[Never having been injured, they cannot exercise mercy, forbearance, love of enemies.]

This is the peculiar prerogative of Christ—

[Christ manifested the most wonderful compassion [Note: Luke 19:41; Luke 23:34; Luke 24:47.]. In so doing he displayed the Father’s perfections [Note: John 14:9.]. This honour he himself received of the Father [Note: John 14:10.].]

His people however are made to share this glory with him—

[They, as stars in their several spheres, reflect the beams of the Sun of Righteousness. How strongly was his character delineated in the life of Paul and in the death of Stephen! Every one of them endeavours to “walk as he walked.” They are enabled to do this by Christ himself [Note: Philippians 4:13.].]

III. The glory of being sons of God—

The angels are sometimes called sons of God; but they bear this relation to him only as creatures.

Christ has this honour in an infinitely higher sense [Note: Hebrews 1:5.]—

[Christ is the Son of God both in his divine and human nature. He is emphatically called by the Apostle “God’s dear Son [Note: Colossians 1:13.].”]

The same honour has Christ conferred on us—

[Every believer is brought into this relation to God [Note: 2 Corinthians 6:18.]. This astonishing mercy may well excite wonder and admiration [Note: 1 John 3:1.]. It is bestowed on the believer by Christ himself [Note: John 1:12.],]

IV. The glory of being united to God—

The Scriptures often speak of the union that subsists between Christ and the Father—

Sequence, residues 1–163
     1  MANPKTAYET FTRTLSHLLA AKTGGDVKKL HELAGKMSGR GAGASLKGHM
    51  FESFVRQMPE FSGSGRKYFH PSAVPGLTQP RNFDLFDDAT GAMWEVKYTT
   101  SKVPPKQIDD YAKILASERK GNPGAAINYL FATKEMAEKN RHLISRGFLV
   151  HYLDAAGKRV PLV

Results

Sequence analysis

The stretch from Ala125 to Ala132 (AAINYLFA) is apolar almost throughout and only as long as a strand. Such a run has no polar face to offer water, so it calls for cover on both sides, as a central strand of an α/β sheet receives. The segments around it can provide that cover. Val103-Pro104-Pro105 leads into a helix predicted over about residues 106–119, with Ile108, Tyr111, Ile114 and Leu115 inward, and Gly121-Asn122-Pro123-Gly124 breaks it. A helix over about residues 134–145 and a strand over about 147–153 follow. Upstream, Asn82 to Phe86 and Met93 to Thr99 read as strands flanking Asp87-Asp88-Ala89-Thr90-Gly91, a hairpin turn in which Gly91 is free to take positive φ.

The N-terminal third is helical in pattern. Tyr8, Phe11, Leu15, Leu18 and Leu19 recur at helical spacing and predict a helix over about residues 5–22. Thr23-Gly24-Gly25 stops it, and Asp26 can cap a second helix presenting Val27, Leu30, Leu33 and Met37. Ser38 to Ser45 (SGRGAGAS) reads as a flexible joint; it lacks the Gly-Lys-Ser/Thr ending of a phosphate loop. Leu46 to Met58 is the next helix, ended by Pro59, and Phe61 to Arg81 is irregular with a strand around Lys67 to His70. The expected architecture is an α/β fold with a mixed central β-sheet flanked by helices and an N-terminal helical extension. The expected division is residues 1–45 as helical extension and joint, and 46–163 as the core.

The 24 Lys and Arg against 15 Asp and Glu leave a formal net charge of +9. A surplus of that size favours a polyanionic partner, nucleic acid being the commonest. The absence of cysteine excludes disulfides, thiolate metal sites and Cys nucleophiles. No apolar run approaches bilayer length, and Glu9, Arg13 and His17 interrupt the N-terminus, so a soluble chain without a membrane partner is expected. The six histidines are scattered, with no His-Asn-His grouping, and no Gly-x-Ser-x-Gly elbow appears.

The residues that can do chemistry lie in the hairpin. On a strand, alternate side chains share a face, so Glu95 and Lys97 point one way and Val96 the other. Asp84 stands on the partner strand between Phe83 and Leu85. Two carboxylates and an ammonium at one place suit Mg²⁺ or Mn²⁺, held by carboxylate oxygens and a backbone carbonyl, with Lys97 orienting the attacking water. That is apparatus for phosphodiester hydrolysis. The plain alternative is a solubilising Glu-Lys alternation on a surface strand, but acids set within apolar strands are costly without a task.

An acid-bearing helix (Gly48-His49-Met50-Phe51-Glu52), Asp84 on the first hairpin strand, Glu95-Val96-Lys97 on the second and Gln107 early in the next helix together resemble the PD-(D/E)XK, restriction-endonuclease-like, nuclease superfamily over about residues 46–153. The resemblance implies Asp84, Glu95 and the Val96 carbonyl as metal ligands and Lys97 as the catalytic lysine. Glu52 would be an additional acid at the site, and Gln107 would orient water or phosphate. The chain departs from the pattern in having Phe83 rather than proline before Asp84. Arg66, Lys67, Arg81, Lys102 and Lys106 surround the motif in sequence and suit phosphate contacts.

[Our Lord himself affirmed that he and the Father were one [Note: John 10:30.]. St. Paul declares that all the fulness of the Godhead dwelt in Christ [Note: Colossians 2:9.]. What our Lord did as man, is attributed to him as God [Note: Acts 20:28.].]

A similar, though not the same, union subsists between Christ and his people.

[Our Lord represents them as branches of the living vine [Note: John 15:1.]: he compares their union with him to his with the Father [Note: John 17:21.]: he declares not only that he himself is the author of this union, but that it is a part of that glory which he has given us [Note: ver. 22, 23.].]

V. The glory of reigning with God—

Both the good and evil angels are called principalities and powers, but they are never said to “reign” with God.

Our Lord however has received this honour of his Father—

[All power in heaven and in earth is committed to him [Note: Matthew 28:18.]. He is exalted far above all principalities and powers [Note: Ephesians 1:20-21.]. It is decreed that every soul shall submit to Jesus [Note: Isaiah 45:23.].]

This honour also has Christ vouchsafed to his people—

[The victorious saints will exercise a kind of dominion over the ungodly at the last day [Note: Psalms 49:14. Revelation 2:26-27. Psalms 149:7-9.]: they will sit with Christ as assessors in judgment over men and devils [Note: 1 Corinthians 6:2-3.]: they have a kingdom appointed to them even now [Note: Luke 22:29.]: they will be formally invested with it at the last day: they will receive it as a special grant from Christ himself [Note: Revelation 3:21.].]

Infer—

1. What an exalted character is the true Christian!—

[Christians are despised by the unbelieving world: but the Scriptures describe their dignity in most exalted terms. How can we ever estimate aright the glory given them by their Lord! What glory can the earth afford in comparison of this! Let us not then act unworthy of this high character.]

2. How marvellous is Christ’s love to his people!—

[Every thing, which he himself has received of the Father, he gives to them: he even bought it with his blood, that he might bestow it upon them. How incomprehensible is this love! Let us entertain worthy conceptions of it: let us be constrained by it to love and serve him.]